Her 50th birthday is around the corner and she can no longer keep up with fashion. Can anyone save Sindy, the doll created to be a British rival to Barbie?
Wholesome, demure, Sindy was the fashion doll created as a British girl-next-door alternative to the rather more glamorous and sexy American Barbie. She was the UK's most popular doll with about 80% of the fashion doll market at her peak in 1985.
But time has not been kind.
Sindy has been taken to court, she has been sidelined by her racy American rivals and, when Woolworths went under in 2009, she disappeared from the British High Street altogether.
Fifty years on, Pedigree Toys, the Exeter-based company which created Sindy, can no longer keep up with the demands of fashion and is looking for a firm to take her on to see if Sindy's values can work once again with the nation's girls.
But they have not lost faith in the doll, says Jerry Reynolds, of Pedigree Toys.
"Sindy is the girl-next-door, your friend... and she's been a comfort blanket to little girls, not just in Britain but across Europe and we believe those qualities stand the test of time."
But Sindy has had a difficult time of it. In the 1960s and 70s, she had it all - the Mary Quant bob, a moped and a pony. She wore outfits that made her look as if she had just stepped out of Biba or any of the boutiques of Carnaby Street, and her image was that of the carefree girl about Swinging London.
But in the 1980s her popularity began to decline. The shoulder pads and high-gloss glamour of Barbie began to make Sindy look a bit old-fashioned. The response was a makeover that made her look more like Barbie and provoked years of legal battles. Mattel, the makers of Barbie, felt their product was being copied and in 1994 Sindy's face was changed again.
Helen Carter, an avid Sindy collector and fashion lecturer, feels it was a disaster.
"[The original Sindy] has got such a warm, friendly expression on her face, she's got side-glancing eyes. She's not challenging in any way, she's pretty, she's the English Rose.
"Whereas [1990s Sindy] has got this grin, these forward-facing eyes. She doesn't look human, she looks like an alien... she's also got the Barbie bosoms. She was taken right away from what the intrinsic Sindy values were, which is now what we hope to back to. It's really important to go back to those values."
The original decision to create a British alternative to Barbie grew out of a feeling that girls in the UK would not relate to Barbie's grown-up looks and American lifestyle.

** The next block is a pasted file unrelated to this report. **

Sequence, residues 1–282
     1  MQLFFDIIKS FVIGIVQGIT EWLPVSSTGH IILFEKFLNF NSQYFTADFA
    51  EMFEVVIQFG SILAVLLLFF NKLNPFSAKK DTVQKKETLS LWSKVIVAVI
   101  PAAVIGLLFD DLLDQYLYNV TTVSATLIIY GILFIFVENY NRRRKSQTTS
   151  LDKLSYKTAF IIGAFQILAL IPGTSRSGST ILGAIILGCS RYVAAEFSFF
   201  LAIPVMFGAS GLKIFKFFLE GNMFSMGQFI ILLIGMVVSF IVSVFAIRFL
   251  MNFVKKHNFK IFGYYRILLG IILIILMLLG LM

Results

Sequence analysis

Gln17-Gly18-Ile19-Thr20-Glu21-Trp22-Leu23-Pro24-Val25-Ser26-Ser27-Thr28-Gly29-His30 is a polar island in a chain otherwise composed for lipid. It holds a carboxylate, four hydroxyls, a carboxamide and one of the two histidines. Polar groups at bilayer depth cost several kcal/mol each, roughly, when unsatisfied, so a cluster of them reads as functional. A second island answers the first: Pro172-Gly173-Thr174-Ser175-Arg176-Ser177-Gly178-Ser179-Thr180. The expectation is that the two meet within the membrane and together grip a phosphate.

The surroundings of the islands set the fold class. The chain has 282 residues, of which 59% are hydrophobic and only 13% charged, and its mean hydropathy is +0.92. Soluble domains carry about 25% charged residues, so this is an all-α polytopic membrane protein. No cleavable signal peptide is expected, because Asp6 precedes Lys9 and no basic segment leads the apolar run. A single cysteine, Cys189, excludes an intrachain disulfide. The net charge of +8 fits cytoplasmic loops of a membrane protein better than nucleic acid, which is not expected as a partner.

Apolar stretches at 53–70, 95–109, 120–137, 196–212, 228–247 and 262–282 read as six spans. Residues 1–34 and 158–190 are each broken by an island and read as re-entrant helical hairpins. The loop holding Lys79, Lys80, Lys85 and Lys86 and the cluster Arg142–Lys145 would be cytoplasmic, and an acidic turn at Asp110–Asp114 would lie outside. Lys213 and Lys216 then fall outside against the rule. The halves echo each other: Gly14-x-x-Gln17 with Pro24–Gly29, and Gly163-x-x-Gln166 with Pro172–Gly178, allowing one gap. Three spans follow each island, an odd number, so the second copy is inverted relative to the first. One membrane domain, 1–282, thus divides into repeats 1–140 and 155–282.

Through the 1960s and 70s Barbie had a telephone, drove a car and had, at one point, a job as an astronaut. Sindy had a cooker that made the sound of sizzling bacon. She was also younger and, as Carter says, not quite so pneumatic.
Pedigree thinks everything changed with arrival of the TV programmes Dallas and Dynasty which helped reset children's tastes. The dolls that sold were increasingly glossy, tanned and glamorous. The remodelled Sindy of the late 1980s was made thinner, her chest bigger and her legs longer - but Barbie prevailed.
However, over the past 10 years, even Barbie has been caught out by the arrival of Bratz dolls. The American Psychological Association, in a taskforce report on the sexualisation of girls, singled out Bratz dolls for their "sexualised clothing" of "miniskirts, fishnet tights and feather boas".
So is there a market for a return to a rather more innocent Sindy?
Freelance toy designer Rachel Godfroy thinks there is.
"Talking to some of my mum friends who have girls who are six or seven years old, they are looking for something that isn't brash, which isn't tarty. They are looking for something that is wholesome and good that they can give to their daughters' friends and not think, 'Is this a bit inappropriate?'"
The problem is that what a mother wants may not be what their daughters want, and Sindy's decline has been a long one.
A joint venture with Woolworths came to an end when the firm went under in 2009 and that was the end of Sindy on the High Street. Now, three years on, Pedigree thinks it can do no more and it is looking for a company to take her on which might be able to keep her wholesome but also up to date.
"We don't really have the skills to keep up with all the fashions," says Jerry Reynolds. "If it's a retailer or a manufacturer, they have to change her clothes every year to keep up with trends."
The problem will be deciding which fashions to dress her in - ones that appeal to mothers anxious to avoid tattoos and anything too suggestive, but also looks that little girls want to spend their pocket money on to get the cash tills ringing again.